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Plant & Soil Sciences
Master of Science (M.S.)
Year Degree Awarded
Month Degree Awarded
urban forest, street trees, photochemical oxidant cycle, pollution
Nitrogen dioxide (NO2) levels were measured inside and adjacent to canopies of urban trees in Springfield, MA, over two growing seasons. Nitrogen dioxide levels were consistently and significantly higher inside tree canopies compared to levels outside. During the second growing season, ozone (O3), temperature, and relative humidity (RH) were also measured using samplers co-located with the NO2 samplers. Ozone levels were significantly lower inside the canopy whereas temperatures were higher inside the canopy, and RH was not different between inner and outer canopy locations. The results corroborate theoretical models predicting elevated NO2 and depressed O3 levels inside tree canopies based on photochemistry, but put into question the mechanisms involved in generating these levels.
In a separate study, the use of a common urban street tree (Acer rubrum) as a tool for measuring NO2 uptake under field conditions was evaluated using a model previously applied only to potted herbaceous plants and coniferous trees. Using potted saplings of A. rubrum located at locations with high or low NO2 levels in Springfield, MA, and Amherst, MA, we measured 15N stable isotope signatures (δ15N) and total N (%N) of leaves throughout the growing season. There was no significant difference in leaf δ15N or %N change between sites over the course of the season. Changes in δ15N were likely the result of input from N sources in the nutrient solution. Changes in %N followed a natural seasonal decline reported elsewhere in the literature. The study highlights the difficulties in applying this particular model to deciduous trees and suggests work needed to overcome these challenges.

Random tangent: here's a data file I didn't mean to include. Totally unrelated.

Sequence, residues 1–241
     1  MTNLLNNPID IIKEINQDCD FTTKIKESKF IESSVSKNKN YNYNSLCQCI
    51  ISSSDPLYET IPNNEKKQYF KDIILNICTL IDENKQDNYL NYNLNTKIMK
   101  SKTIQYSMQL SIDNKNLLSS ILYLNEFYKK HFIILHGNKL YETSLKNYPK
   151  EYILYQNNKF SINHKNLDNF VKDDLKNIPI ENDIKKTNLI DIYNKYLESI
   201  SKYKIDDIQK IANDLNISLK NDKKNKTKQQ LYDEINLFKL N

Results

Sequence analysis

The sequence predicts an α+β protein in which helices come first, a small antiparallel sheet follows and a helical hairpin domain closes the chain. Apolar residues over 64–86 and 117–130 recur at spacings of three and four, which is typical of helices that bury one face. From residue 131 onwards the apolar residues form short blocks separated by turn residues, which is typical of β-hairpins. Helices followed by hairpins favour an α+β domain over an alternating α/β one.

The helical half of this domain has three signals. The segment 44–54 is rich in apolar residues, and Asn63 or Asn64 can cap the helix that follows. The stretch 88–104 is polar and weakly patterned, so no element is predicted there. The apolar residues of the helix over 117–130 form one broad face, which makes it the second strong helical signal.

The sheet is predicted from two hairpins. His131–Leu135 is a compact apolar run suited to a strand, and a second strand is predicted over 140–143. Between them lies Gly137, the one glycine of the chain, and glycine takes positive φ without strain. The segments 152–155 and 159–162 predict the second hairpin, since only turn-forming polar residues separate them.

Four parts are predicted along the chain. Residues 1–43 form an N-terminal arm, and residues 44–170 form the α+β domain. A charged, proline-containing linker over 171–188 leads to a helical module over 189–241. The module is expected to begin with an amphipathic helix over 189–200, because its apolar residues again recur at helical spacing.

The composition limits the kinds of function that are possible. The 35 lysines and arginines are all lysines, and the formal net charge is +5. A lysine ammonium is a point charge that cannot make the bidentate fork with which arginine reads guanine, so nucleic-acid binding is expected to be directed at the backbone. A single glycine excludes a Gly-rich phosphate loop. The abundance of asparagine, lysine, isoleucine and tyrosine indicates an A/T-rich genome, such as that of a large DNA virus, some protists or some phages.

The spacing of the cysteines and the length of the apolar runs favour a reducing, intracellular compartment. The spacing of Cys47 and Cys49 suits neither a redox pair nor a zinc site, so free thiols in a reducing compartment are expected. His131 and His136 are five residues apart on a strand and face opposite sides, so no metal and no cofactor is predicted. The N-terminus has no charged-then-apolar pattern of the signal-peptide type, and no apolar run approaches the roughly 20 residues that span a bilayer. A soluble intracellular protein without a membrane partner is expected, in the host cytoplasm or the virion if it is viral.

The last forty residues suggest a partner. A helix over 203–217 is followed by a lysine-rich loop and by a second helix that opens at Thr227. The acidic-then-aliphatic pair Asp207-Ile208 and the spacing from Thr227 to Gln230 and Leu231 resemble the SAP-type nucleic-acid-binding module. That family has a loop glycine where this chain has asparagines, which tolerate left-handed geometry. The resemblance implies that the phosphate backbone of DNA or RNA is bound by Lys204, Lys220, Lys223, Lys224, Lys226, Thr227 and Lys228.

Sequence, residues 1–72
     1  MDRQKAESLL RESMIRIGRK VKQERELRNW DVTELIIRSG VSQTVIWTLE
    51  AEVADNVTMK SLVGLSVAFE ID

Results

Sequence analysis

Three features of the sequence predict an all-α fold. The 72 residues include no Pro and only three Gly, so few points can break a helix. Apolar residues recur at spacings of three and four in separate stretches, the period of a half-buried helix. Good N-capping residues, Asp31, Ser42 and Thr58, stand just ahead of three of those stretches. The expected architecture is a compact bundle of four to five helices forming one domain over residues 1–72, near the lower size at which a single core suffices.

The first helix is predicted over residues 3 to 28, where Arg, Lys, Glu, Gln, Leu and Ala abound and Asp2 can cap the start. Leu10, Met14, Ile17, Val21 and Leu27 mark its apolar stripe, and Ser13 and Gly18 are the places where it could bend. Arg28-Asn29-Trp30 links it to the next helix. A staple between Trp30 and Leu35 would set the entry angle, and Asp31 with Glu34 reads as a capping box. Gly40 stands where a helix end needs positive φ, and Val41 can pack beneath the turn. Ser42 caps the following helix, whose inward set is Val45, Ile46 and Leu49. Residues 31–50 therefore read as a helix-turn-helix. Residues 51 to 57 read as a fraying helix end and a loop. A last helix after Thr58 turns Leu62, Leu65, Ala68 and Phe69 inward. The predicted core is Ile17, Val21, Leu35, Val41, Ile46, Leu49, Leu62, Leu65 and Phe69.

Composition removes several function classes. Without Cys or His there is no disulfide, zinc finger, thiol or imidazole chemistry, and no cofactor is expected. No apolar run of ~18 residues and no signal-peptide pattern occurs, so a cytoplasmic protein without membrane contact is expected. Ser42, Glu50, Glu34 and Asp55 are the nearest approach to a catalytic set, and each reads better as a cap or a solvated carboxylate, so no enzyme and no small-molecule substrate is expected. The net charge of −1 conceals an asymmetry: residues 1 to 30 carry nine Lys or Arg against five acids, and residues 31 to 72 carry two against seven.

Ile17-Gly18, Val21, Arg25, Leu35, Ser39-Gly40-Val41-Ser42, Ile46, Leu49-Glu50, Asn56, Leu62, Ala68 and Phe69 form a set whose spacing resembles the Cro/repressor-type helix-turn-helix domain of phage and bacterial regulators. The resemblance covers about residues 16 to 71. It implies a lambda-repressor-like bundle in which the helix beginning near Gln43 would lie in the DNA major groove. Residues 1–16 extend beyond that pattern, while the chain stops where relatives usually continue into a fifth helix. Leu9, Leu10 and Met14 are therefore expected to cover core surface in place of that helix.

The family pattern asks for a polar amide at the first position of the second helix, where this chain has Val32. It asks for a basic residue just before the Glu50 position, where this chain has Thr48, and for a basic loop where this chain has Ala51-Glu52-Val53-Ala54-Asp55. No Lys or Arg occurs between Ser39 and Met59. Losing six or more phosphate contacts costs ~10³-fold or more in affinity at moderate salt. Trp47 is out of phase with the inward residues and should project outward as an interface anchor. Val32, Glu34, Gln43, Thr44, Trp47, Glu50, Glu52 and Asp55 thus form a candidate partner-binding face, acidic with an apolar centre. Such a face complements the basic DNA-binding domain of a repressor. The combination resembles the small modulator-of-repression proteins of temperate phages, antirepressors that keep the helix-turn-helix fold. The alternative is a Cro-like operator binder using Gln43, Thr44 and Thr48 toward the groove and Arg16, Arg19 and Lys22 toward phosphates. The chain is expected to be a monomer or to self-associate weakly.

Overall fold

William J. Manning